The final title, Buried in Rubble: True Stories of Surviving Earthquakes, is better than the previous titles, but still has some issues. The introduction talks briefly about the causes and effects of earthquakes and the difficulties of rescuing victims. There are seven survival stories included. They feature a variety of people from G. A. Cain, a survivor of the Great Kanto Earthquake of 1923, who managed to escape from a destroyed building and narrowly avoided dying in the aftermath of fires. She recorded her experiences in a lengthy letter, although little else is known about her life. Li Anning, a high school student in China in 2008, was trapped with her classmates in their school when an earthquake hit. The story says that Anning and her classmates were saved, but earlier clearly implies one of them died during the quake. Evans Monsignac was trapped in the Haiti earthquake of 2010 and the story concludes that he is “believed to be the only person to have survived being trapped so long after an earthquake without receiving food, water, or supplies from rescue workers.” Unfortunately, the text does not state how long he was trapped, only that it was “days.” The art is very different from the other titles in this series, a very loose style, all in shades of browns and dark reds, with a watercolor feel to it. This is a good fit for the chaos and destruction of the stories and shows the scope of the disasters without being too gory. The list of further reading includes titles on the science of earthquakes.

While the Graphic Library titles always feature short stories, usually a good way to entice kids into further reading on the subject, the lack of sources, extremely brief further reading sections, and the vagueness and generality of the stories makes this a less than ideal purchase. The stories would have benefited from more detail and information, and overwhelmingly feature men. Because of the lack of detail, the stories all sound very similar, especially since they’re grouped together by the same type of disaster. I Survived fans will probably be happy to pick these up and skim through them, but there are better titles out there for this age group, especially since these are only available in expensive library-bound editions.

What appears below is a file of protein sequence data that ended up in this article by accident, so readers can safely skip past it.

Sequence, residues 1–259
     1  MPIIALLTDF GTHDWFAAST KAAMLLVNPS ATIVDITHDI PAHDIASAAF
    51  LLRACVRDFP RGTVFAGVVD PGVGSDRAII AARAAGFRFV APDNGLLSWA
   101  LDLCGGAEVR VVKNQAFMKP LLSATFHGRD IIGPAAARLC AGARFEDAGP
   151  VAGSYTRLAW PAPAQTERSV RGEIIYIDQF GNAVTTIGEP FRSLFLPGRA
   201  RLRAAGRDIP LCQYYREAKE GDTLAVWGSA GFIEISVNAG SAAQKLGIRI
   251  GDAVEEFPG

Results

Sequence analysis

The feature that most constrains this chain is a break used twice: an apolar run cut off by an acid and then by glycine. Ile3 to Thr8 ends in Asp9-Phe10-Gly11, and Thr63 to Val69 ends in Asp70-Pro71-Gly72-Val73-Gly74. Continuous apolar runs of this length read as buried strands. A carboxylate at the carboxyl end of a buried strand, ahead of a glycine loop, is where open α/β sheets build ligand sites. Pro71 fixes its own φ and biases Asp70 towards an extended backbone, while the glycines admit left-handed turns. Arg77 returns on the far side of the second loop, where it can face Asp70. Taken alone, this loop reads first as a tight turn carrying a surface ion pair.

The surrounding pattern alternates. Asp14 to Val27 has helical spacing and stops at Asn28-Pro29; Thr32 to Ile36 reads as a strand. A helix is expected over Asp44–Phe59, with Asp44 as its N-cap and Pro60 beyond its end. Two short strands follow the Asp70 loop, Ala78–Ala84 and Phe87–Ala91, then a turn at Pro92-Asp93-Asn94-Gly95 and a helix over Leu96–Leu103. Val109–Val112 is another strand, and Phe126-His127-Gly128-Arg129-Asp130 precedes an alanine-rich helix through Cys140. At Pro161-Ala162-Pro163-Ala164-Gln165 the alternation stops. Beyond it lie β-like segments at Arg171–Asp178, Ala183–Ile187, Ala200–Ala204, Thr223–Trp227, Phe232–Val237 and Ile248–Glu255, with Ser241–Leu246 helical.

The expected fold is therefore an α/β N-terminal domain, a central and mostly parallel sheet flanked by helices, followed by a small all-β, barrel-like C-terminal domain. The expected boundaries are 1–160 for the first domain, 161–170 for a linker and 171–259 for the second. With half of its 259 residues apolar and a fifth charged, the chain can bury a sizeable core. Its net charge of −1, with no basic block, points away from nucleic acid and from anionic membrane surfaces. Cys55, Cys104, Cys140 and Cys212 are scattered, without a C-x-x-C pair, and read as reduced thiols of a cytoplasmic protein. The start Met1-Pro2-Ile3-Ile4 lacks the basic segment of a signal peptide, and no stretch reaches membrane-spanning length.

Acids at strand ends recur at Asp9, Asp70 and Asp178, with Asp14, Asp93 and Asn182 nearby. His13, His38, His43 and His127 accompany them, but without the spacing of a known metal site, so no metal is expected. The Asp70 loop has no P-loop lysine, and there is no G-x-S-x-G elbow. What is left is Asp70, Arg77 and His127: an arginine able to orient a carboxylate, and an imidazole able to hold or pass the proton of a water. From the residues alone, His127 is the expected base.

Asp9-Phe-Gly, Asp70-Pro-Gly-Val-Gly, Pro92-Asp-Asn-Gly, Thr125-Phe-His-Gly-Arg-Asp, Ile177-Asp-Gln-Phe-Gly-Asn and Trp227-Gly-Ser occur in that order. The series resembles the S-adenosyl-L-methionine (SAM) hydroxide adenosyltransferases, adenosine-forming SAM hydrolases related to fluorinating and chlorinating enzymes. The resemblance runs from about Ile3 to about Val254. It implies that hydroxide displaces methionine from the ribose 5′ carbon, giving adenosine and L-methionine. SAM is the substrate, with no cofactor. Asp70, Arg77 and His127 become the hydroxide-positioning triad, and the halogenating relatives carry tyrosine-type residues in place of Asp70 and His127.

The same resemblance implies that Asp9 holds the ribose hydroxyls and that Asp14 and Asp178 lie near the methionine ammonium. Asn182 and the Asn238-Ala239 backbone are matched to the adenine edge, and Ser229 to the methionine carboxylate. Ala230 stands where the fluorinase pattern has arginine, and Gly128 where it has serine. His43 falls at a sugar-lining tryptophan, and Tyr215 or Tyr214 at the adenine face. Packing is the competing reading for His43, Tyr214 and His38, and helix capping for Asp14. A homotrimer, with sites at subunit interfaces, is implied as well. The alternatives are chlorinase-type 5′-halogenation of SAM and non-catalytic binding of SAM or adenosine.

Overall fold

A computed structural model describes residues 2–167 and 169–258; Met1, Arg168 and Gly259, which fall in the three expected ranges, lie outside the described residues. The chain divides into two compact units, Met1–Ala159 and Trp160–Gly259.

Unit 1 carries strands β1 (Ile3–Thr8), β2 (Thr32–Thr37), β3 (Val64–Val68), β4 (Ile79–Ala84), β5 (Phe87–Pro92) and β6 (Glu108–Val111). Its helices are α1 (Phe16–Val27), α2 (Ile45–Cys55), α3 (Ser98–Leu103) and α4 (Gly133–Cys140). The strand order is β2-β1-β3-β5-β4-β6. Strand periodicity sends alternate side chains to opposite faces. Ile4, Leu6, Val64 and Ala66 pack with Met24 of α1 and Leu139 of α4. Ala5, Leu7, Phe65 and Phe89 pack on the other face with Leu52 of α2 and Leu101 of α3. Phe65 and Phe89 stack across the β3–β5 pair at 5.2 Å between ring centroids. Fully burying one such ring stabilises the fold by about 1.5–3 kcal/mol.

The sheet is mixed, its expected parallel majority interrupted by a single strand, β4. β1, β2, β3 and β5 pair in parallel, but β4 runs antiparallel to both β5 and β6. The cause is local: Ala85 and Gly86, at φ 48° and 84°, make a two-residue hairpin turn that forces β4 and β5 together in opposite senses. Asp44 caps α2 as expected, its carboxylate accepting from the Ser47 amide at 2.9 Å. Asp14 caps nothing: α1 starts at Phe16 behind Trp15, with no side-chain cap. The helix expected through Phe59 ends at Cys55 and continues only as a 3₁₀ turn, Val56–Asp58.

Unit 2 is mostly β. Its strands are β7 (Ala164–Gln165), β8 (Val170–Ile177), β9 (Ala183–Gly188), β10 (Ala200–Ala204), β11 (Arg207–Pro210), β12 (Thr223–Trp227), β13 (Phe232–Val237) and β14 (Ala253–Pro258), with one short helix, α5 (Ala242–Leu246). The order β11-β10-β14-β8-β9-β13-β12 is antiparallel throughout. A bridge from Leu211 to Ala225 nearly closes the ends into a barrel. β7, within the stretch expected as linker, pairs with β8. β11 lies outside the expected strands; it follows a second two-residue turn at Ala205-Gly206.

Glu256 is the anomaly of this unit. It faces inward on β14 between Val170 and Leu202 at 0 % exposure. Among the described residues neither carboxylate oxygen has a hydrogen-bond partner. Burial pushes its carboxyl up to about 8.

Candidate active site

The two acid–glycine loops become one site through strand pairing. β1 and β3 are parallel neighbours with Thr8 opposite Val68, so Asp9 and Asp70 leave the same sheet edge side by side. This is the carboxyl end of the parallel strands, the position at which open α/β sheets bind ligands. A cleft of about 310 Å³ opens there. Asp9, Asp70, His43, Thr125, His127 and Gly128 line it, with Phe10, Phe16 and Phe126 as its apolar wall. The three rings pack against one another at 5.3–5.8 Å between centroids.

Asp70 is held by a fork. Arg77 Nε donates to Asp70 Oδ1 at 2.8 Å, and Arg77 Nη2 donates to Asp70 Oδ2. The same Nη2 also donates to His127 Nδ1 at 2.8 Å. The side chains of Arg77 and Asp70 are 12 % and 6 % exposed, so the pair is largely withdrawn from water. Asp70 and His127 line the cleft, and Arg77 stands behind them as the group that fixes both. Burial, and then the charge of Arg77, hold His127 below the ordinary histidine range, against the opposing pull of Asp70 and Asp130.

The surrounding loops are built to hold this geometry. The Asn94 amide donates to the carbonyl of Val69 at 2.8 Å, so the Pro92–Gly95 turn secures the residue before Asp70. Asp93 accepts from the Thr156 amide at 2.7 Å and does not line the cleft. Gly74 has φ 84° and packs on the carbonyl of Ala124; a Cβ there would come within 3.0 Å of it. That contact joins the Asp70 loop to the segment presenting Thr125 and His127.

Terrors From the Deep: True Stories of Surviving Shark Attacks
Author: Nel Yomtov
Illustrator: Narciso Espiritu
ISBN: 9781491465738

Courage on the Battlefield: True Stories of Survival in the Military
Author: Nel Yomtov
Illustrator: Thomas Girard
ISBN: 9781491465714

Adrift and Alone: True Stories of Survival at Sea
Author: Nel Yomtov
Illustrator: Pat Kinsella
ISBN: 9781491465721

Buried in Rubble: True Stories of Surviving Earthquakes
Author: Terry Collins
Illustrator: Mack Chater
ISBN: 9781491465707

Captsone, 2015
Publisher Age Rating: 8-14

  • Jennifer

    | She/Her Youth Services Librarian, Matheson Memorial Library

    Reviewer

    Jennifer Wharton is the Youth Services Librarian at Matheson Memorial Library in Elkhorn, Wisconsin where she maintains the juvenile and young adult graphic novel collections and was responsible for creating the library’s adult graphic novel collection. She is constantly looking for great new comics for kids and teens and new ways to incorporate graphic storytelling in programming. Jennifer blogs for preschool through middle grade at JeanLittleLibrary and has an MLS from the University of Illinois at Urbana-Champaign.